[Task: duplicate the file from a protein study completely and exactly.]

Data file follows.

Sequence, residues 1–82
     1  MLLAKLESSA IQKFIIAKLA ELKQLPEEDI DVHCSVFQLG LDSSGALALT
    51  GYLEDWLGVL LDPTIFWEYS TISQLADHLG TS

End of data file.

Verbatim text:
Sequence, residues 1–82
     1  MLLAKLESSA IQKFIIAKLA ELKQLPEEDI DVHCSVFQLG LDSSGALALT
    51  GYLEDWLGVL LDPTIFWEYS TISQLADHLG TS